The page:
One of best movies in the 1990s was “Fried Green Tomatoes,” a story about a depression era café named The Whistle Stop in a little town in Alabama. Kathy Bates and Jessica Tandy starred. The Whistle Stop was known for its barbecue, as well as its fried green tomatoes. In the movie, Frank Bennett leaves the town and his family to go to Georgia. Bennett, who had abused his wife, eventually returns to Alabama and tries to kidnap his young son. The mother’s friend kills Frank with a blow to the head from a cast-iron skillet when she tries to stop the kidnapping. The staff of the Whistle Stop then covertly barbecues Frank's body and serves it to the Georgia sheriffs who show up later investigating Frank’s disappearance. The sheriffs rave that it is the best barbecue they have ever had, and in answer to the question about why it’s so good, are told by the cook at The Whistle Stop that “the secret’s in the sauce.” This became the tag line of the movie.
The Sauce for Government Contracting. If there’s any “sauce” for government contracting, it’s the Federal Acquisition Regulation (“FAR”). It’s not very secret at all (because it’s really part 48 of the Code of Federal Regulations and is readily available on the internet) but there’s no question that it contains the answers to most of the questions about contract formation and administration. At the time the Competition in Contracting Act of 1984 was enacted, there were numerous procurement regulations in the Government, most notably the Defense Acquisition Regulation (“DAR”) (derived from the Armed Services Procurement Regulation, or “ASPR”) and the Federal Procurement Regulation (“FPR”). By Executive Order 12352 of Mar. 17, 1982, the President directed agencies to consolidate their separate procurement regulations into a single simplified Federal Acquisition Regulation which was issued in 1984. Although most agencies still issue “agency supplements to the FAR” (such as the Department of Defense FAR Supplement), the FAR itself remains the principal policy and guidance document, and the FAR supplements are part of a unified system.
You may ask, why not just read the procurement laws? The FAR and agency supplements to the FAR are issued pursuant to statutory authority and in conformance with required statutory and regulatory procedures FAR § 1.301(b) (2002). These regulations consequently have the force and effect of law. DynCorp Information Systems, LLC v. U.S, 58 Fed. Cl. 446 (2003), citing Newport News Shipbuilding & Dry Dock Co. v. Garrett, 6 F.3d 1547, 1552 (Fed.Cir.1993). Contractors are expected to know FAR provisions. General Eng'g & Mach. Works v. O'Keefe, 991 F.2d 775, 780 (Fed.Cir. 1993). And finally, the FAR is logically arranged, and written in understandable English. If you don’t believe that, compare the FAR with the Internal Revenue (tax code) regulations!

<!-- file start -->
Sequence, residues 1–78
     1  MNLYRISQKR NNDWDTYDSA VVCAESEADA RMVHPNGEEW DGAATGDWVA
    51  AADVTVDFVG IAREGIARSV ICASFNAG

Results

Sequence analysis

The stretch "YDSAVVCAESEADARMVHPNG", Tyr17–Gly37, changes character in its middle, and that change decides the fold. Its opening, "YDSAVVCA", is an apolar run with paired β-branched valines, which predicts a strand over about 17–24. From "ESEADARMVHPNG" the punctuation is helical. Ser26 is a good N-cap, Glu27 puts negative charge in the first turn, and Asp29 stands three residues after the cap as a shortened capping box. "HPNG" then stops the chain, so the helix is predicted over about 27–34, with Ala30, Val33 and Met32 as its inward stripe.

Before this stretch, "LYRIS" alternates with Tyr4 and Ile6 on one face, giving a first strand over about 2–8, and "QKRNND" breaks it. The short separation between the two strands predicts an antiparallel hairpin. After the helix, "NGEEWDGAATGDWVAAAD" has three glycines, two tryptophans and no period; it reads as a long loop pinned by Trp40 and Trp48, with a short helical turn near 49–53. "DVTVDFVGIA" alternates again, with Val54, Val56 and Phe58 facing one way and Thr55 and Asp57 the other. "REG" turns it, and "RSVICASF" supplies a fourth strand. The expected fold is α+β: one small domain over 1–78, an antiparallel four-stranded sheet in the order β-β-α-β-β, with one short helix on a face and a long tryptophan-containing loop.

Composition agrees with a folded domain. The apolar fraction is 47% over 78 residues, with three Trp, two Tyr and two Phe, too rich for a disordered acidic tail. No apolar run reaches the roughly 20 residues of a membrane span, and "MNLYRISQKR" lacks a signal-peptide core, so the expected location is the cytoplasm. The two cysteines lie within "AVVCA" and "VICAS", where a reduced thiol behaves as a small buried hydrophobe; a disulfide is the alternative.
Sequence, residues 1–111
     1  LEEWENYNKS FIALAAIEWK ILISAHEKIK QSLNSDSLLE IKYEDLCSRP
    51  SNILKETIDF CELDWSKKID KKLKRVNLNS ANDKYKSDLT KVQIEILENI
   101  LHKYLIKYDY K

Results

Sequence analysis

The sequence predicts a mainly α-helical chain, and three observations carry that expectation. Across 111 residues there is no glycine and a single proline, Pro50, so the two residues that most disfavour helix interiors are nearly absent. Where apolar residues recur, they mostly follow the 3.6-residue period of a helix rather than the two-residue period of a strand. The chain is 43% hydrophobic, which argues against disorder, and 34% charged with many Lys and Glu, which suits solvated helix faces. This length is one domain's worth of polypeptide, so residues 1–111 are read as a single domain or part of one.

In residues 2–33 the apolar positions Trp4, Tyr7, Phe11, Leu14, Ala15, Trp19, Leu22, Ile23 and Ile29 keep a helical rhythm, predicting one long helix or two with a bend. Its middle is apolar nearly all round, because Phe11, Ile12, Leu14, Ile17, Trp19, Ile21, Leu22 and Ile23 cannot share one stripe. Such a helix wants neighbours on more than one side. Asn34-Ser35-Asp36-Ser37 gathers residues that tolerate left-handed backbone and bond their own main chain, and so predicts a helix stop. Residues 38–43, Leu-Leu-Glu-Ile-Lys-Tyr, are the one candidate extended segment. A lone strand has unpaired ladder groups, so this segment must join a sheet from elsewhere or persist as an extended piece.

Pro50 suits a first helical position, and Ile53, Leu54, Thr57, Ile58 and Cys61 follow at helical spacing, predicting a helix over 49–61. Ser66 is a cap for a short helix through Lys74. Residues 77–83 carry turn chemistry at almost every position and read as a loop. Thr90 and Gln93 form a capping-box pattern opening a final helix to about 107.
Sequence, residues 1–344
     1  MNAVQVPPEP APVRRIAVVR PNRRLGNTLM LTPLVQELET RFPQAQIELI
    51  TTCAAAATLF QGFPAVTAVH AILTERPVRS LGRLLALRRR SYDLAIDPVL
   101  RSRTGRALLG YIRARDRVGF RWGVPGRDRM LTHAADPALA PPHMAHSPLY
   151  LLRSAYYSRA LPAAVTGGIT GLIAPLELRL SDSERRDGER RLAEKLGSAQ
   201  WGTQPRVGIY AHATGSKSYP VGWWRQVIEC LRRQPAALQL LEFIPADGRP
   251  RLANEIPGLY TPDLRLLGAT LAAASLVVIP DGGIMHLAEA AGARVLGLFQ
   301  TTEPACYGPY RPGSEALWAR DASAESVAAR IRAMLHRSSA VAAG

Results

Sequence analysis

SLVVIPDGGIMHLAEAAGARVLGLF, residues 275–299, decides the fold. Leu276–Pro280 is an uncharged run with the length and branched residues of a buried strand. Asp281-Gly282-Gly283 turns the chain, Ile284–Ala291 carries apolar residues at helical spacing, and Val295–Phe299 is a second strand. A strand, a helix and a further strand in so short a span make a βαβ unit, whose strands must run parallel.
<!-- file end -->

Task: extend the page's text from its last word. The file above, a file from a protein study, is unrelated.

How do you learn and understand the FAR? You are unlikely to learn the FAR by just sitting down and trying to read it. It’s over 2000 pages long (CCH edition) and the agency supplements are even longer than that. The only way to learn it is to break it down into manageable pieces, understand how the various parts of the FAR are interpreted and used, and what they mean for you as a government contracts administrator, buyer, attorney or whatever. Many government contracts teaching organizations do just that. For example, the Public Contracting Institute (“PCI”) has an outstanding course, “Fun With the FAR” which breaks down the FAR into 27 separate and logical sections, and then, guides students through each “bite of the apple” on a different day. For example: are you interested in multiple award schedules? PCI will go through FAR Parts 8, 38, 39 & 51 in one session. After this, all students should know how to find the important things. If you want to learn how negotiated procurement works, the course goes through the details of FAR Part 15 in another session. What about Subcontracting? That’s FAR Part 44 in the PCI course. And so on, throughout the FAR.
Will you become an “expert” after any course on the FAR? That’s highly doubtful. But most importantly, you will understand how to use the FAR and where to find the things that you need. When you’re done, you will have obtained an introduction to all the basic procurement concepts in today’s federal contracting, and you will have learned how to use the FAR in order to apply it to your daily procurement issues. Most newcomers to government contracting lack this simple and basic foundation, which is essential to success in the field.
The Secret Sauce. Most importantly, these FAR courses will let you taste “the secret sauce” that will guide you through your government contracting years. And you don’t need to hit anyone on the head with a cast-iron skillet to get that secret sauce!